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Why Your Doctor Matters

Shannon Harvey

I’ve got a dilemma and have to make a very important health related decision. I’m expecting my second child to arrive any day now. I have a wonderful doctor, but I’ve just been told he has to unexpectedly go away next week for five days. He’s suggested that if my baby hasn’t come by next Tuesday, in order to ensure he will be there for the baby’s birth, we artificially induce labour before he goes away. The decision I have to make (if baby doesn’t come in the next five days) is whether letting things take their own course is more important to me than having the doctor I know and trust with me during the labour.  

Needless to say, the research I’ve been doing lately about the importance of the doctor-patient relationship is very much on my mind today. Through their words, attitudes, and behaviours, our healthcare providers can communicate critical information that can have a profound impact on our health – for better or for worse. When we see a doctor, nurse, or other health professional, a special and unique interaction takes place. For example, one study of patients with hypertension found a correlation between empathetic nurses and improved symptoms and quality of life. Another study demonstrated that doctors are far more effective at treating various symptoms such as cough, sore throat, tiredness, abdominal pain, and muscular pain if consultations are conducted in a positive rather than a negative manner. In fact, a review of research studies about the effectiveness of empathy in general medical practice found it is of “unquestionable importance.” I’ve also written recently about the power of words when it comes to health and how, over the last decade, negative suggestion has been shown to cause people to experience negative symptoms in treatments for everything from headache, to multiple sclerosis, fibromyalgia, Parkinson’s disease and depression.  

With my history of having been diagnosed with various autoimmune diseases over the years (first lupus, then Sjrogen’s disease, then fibromyalgia) as well as having had a complicated labour with my first child, I spent a great deal of time finding the right healthcare team for this pregnancy. I’ve carefully researched the hospital and over the last nine months I’ve come to know and trust my doctor. As you can imagine, I feel that having him with me during the upcoming labour is important. He has, of course, put into place a plan for if I go into labour while he’s away and I’ll be attended to by a trusted colleague of his, but not knowing this person is of some concern.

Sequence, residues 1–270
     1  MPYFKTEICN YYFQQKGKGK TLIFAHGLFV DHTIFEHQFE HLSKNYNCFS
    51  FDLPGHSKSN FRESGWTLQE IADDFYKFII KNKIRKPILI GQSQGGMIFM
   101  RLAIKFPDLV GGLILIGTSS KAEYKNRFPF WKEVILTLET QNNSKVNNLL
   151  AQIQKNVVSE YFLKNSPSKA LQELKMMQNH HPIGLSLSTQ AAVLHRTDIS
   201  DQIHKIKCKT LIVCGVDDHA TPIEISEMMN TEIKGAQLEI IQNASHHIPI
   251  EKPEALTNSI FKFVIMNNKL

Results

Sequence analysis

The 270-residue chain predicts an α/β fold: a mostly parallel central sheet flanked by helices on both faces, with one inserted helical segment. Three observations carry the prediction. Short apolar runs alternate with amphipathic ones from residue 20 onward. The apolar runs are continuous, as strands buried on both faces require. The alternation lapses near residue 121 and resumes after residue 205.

I’m not alone in feeling strongly that getting the care I need is about more than simply seeking expertise and technical competence. In 2013 Dignity Health in the US conducted a nation-wide survey and found that 87 percent of Americans feel that kind treatment by a physician is more important than other key considerations in choosing a healthcare provider, including average wait time before appointments, distance from home, and the cost of care. In fact, 72 percent of Americans would be willing to pay more for a physician who emphasised kindness when treating patients.  

Being the thorough journalist that I am, naturally I’m hitting the research databases to take a look at the other side of this dilemma and checking out all the pros and cons related to induction of labour. With some luck, this little bubba is going to come along on their own in the next few days and I won’t have to decide. In the meantime, I’ll be going for some lovely long walks, eating some spicy food and have booked in for a massage. If you have any other anecdotal tips and tricks to encourage this little one along, they are most welcome in the comments below.

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